HIV is no longer a death sentence, but young people being deprived of sex education is still an unaddressed public health crisis in many states. HIV prevention tools such as treatment as prevention (TasP), pre-exposure prophylaxis (PrEP), and post-exposure prophylaxis (PEP) have sparked optimism among the doubters, but issues such as cost, access, and stigma continue to impact certain communities disproportionately. And, while these prevention options have changed the face of the HIV epidemic, it is critical that we consider comprehensive sex education another tool in the box that equips young people with the knowledge to make healthy, informed decisions that prevent them from contracting the virus.
In Mississippi, comprehensive sex education is overwhelmingly supported -- by 92% of parents -- yet the state remains one of 37 that teach abstinence-based curriculums, if any curriculum at all. A majority of politicians in the state believe that teaching comprehensive sex education will provoke young people to engage in "unhealthy" sexual behavior before they are ready. However, reports show that more than 50% of Mississippi high school students are already having sex, and HIV diagnoses among Mississippi youth are almost double the national rate. This is why it is important to adopt comprehensive sex education as a practical strategy within the HIV prevention toolkit.
Some would argue that abstinence-only and abstinence-plus curriculums are sufficient, but there are significant differences between these curriculums and one that is fully comprehensive. According to the Social Security Act, abstinence-only teaches that abstinence from sexual activity outside marriage is the expected standard for all school-age children. Abstinence-plus goes a step further to include harm reduction and avoidance, such as safe sex and birth control, and it touches on HIV. However, much research conducted on abstinence-based curriculums proves that neither type of curriculum is effective, and both could potentially do real harm to young people.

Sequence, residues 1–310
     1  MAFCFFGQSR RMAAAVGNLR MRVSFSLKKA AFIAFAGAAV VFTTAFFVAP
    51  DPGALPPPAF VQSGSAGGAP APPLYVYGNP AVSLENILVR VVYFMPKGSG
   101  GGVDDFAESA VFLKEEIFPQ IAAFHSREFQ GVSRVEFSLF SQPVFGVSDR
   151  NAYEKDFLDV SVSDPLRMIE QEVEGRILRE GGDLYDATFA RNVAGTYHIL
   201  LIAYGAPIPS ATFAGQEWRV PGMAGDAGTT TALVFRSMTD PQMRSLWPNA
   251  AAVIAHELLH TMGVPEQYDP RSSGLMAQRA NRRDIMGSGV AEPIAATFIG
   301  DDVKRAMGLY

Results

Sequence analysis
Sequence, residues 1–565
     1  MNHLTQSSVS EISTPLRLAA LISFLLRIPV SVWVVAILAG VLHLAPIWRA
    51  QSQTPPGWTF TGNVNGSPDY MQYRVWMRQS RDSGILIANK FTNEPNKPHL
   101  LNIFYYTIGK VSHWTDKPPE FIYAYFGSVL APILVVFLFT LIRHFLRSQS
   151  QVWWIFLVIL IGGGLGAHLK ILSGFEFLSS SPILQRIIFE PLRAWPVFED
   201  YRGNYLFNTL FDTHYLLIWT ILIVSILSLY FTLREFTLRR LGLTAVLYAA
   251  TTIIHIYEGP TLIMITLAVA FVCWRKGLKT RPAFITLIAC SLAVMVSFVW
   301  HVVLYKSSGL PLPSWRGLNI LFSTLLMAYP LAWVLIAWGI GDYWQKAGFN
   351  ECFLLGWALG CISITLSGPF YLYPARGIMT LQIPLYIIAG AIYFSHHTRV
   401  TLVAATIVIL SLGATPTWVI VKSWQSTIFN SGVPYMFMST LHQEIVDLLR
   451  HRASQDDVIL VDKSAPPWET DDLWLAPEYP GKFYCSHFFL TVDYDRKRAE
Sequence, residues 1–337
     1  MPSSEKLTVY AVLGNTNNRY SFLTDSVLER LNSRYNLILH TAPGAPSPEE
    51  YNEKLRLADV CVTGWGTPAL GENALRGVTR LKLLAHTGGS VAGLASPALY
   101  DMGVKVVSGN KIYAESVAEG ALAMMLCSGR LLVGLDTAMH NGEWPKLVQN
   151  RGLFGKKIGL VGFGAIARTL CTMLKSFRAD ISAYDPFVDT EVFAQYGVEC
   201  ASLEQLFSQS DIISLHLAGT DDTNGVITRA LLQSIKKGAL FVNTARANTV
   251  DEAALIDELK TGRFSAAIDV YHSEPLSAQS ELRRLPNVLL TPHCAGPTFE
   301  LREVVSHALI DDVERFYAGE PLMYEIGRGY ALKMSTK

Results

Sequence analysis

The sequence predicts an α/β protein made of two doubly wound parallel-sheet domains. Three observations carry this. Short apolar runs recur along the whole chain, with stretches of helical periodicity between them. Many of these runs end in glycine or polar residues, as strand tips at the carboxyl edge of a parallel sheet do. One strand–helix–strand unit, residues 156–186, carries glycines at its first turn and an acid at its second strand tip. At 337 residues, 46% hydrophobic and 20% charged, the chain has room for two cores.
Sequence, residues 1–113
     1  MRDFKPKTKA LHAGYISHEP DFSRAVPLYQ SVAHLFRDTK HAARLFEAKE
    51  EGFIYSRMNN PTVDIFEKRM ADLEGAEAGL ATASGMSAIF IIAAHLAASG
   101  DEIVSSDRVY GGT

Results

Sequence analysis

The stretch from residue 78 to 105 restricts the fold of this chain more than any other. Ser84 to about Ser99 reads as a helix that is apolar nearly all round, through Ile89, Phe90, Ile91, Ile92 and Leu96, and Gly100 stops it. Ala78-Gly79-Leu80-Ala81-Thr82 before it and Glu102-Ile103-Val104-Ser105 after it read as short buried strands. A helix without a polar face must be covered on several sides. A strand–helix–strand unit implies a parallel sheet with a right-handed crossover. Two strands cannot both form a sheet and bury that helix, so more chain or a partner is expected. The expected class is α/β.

In any case, it is important to provide context for the role of comprehensive sex education in HIV prevention. Significant research has proven that comprehensive sex education is a much more effective HIV prevention tool according to several key findings. Fully comprehensive curriculums have improved the knowledge of young people, leading to an increase in condom use and a decrease in multiple partners. They have also increased self-efficacy for HIV protection and have been shown to delay the sexual debut of young people.
States such as California see the benefit of fully comprehensive sexual health education and did not wait for a federal mandate to value and protect the bodies of young people. In 2016, the state passed legislation requiring all school districts to ensure that young people receive integrated, comprehensive, accurate, and unbiased sexual health and HIV prevention instruction. Its curriculum encompasses important topics such as healthy relationships, body image, gender, and sexual orientation. And, according to the California Department of Education, these topics provide the knowledge and skills necessary to have healthy, positive, and safe relationships and behaviors.
Although California is one of only 13 states to mandate youth access to medically accurate life-changing sexual health knowledge, I am hopeful that it will not be the last to do so. As an advocate for young people's right to comprehensive sex education and for ending the HIV epidemic in the U.S., I strongly believe that comprehensive sex education should be prioritized by HIV service organizations and state and local health departments as they delve deep to address HIV in their cities or states. Collaborating with local- and state-level policymakers to draft and sponsor legislation is a must, and it should be of interest to any advocate or agency passionate about getting to zero.
Comprehensive sex education should not be made into a religious or moral issue when our children's bodies are at stake. It is a public health issue that deserves a radical public health response. It is not an issue that needs to be overly politicized to seize a vote; it is an issue that should mean something to all of us advocates, parents, teachers, and politicians, as well as to anyone who fights tirelessly to do good for all people regardless of age, geography, or religious beliefs.